This is the contents of the assembly manifest created in example 2
This XML was edited for readability.
<?xml version="1.0" encoding="UTF-8" standalone="yes"?>
<assembly xmlns="urn:schemas-microsoft-com:asm.v1" manifestVersion="1.0">

  <assemblyIdentity name="My.Example.Project"
                    version="1.0.0.0"
                    type="win32"
                    processorArchitecture="x86"/>
  
  <file name="sampleDLL.dll"/>
  
  <file name="sampleDLL-2.dll">
    <comClass clsid="{4D880EAB-BF35-423A-A859-B1D9F2AC4CC1}"
              description="CsxsSampleControl Object"
              tlbid="{4EAA16D5-3C31-441D-B58D-E11037452ADF}"
              threadingModel="apartment"
              progid="sampleDLL.sxsSampleControl.1">
      <progid>sampleDLL.sxsSampleControl</progid>
    </comClass>
    
    <typelib tlbid="{4EAA16D5-3C31-441D-B58D-E11037452ADF}"
             version="1.0"
             helpdir=""
             flags="hasdiskimage"/>
  </file>
  
  <comInterfaceExternalProxyStub iid="{8EFCBB0D-5736-4EB4-BF65-013DC6A4D0BD}"
                                 name="IsxsSampleControl"
                                 tlbid="{4EAA16D5-3C31-441D-B58D-E11037452ADF}"
                                 proxyStubClsid32="{00020424-0000-0000-C000-000000000046}"/>
  
</assembly>

Conflicts And Identifier Uniqueness

There can be any number of the above elements in the manifest and in the activation context as long as there are no conflicts. Conflicts are normally caused by duplicate element identifiers.
This is important to understand: there can be multiple references to identifiers but identifier definitions must be unique.
In short: definitions must be unique, references need not be.

The above table names element identifier definitions. Note that the <progid> element is identified by the text inside the <progid></progid> pair of tags. Because of that, the name must not include any surrounding white space and both tags and the text must all be in the same line.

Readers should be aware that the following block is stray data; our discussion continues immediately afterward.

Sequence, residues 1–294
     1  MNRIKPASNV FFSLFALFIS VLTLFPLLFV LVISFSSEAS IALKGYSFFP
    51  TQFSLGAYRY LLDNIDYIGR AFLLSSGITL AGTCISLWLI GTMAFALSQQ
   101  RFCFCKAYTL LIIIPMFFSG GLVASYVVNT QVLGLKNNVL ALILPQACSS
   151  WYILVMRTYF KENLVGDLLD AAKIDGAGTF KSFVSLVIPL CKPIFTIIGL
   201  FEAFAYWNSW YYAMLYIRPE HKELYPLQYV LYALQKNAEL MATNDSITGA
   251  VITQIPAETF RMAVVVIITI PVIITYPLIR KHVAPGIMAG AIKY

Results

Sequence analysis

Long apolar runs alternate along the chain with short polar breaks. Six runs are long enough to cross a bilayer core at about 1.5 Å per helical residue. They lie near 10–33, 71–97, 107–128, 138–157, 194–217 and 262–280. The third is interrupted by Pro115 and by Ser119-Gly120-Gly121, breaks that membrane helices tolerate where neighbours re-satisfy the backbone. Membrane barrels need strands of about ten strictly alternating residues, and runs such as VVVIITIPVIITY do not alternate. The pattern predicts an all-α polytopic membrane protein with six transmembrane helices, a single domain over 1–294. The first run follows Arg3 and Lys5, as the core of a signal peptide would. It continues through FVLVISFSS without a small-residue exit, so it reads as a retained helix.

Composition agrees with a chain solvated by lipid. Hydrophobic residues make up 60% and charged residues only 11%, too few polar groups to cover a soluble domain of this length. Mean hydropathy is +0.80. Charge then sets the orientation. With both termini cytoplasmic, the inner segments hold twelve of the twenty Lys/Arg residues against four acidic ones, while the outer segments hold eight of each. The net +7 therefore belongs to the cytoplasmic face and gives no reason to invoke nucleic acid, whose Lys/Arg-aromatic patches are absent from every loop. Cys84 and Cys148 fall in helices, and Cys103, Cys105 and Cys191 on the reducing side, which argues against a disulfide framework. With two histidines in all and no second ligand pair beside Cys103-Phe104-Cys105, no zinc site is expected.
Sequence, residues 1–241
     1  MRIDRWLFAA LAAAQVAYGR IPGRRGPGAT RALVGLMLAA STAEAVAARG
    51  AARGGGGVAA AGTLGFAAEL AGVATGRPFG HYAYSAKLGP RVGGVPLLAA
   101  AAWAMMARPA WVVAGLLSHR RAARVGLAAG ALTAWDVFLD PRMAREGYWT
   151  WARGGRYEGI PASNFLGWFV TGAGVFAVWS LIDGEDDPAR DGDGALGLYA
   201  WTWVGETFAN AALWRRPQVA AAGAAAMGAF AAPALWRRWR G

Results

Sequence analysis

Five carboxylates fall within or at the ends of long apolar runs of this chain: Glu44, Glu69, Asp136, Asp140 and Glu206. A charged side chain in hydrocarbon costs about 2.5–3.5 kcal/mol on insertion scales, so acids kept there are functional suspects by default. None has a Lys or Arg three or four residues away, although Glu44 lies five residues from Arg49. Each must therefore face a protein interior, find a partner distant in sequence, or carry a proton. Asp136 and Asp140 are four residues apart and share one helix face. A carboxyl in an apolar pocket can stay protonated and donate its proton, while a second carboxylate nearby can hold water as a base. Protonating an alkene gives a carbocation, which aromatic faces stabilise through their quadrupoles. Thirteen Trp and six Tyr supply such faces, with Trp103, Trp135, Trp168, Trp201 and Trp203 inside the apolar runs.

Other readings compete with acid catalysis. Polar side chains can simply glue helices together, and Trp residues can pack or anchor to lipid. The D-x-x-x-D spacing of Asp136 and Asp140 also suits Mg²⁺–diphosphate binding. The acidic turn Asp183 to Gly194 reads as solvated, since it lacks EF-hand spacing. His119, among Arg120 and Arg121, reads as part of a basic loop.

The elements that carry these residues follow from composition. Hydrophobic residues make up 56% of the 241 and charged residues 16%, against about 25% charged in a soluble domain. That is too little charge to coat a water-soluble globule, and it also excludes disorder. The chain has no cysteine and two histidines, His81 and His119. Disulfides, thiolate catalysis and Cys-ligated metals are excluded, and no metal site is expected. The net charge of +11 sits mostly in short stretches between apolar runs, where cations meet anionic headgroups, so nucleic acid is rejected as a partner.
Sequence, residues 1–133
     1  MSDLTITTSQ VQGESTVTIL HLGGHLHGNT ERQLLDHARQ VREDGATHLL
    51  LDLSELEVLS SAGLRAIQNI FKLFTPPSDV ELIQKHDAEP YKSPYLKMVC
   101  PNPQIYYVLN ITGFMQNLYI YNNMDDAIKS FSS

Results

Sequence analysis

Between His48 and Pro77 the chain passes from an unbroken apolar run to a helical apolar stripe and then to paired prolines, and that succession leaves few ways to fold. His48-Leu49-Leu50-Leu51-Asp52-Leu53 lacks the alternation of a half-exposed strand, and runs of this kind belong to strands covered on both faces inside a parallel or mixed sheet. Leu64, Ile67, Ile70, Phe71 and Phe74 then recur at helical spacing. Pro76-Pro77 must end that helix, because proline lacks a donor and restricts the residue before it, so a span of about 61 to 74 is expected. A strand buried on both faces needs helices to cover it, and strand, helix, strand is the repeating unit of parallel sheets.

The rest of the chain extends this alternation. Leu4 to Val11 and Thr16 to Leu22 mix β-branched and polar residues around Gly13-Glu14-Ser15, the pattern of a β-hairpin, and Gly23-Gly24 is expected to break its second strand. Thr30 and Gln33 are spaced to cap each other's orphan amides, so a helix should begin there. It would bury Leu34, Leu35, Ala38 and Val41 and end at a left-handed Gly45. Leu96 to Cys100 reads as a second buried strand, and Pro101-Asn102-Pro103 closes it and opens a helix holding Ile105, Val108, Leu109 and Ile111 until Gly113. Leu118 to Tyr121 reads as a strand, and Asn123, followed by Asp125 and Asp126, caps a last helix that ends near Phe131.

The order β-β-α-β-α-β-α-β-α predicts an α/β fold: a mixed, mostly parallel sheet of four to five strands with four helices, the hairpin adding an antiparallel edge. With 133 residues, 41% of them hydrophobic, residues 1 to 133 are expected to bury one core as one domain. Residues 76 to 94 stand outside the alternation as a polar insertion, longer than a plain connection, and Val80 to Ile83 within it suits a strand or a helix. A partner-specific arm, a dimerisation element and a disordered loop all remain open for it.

To make things more complicated, ProgID's are defined in both the <progid> element and in the progid= attribute of the <comClass> tag. Consequently there must be no duplicate progids in all instances of the two above places.

Loading DLLs

The first file above, sampleDLL.dll, has nothing defined inside the <file> tag. This may look like a superfluous definition, but it is not. While this file will not be used by COM (there are no COM objects defined in it) it will still be used by the LoadLibrary API call. Note that all LoadLibrary-related APIs eventually call LoadLibraryExW - this is where the side-by-side logic is implemented.

It is important to remember that Windows has a strict rule regarding loading DLLs: if the DLL name passed to any of the LoadLibrary* APIs contains a path, even a partial path, Windows will not search for the DLL. It will try the path as requested and quit. If the DLL name contains no path, Windows will try the activation context first then the standard Windows places (application directory, system directories, path etc.)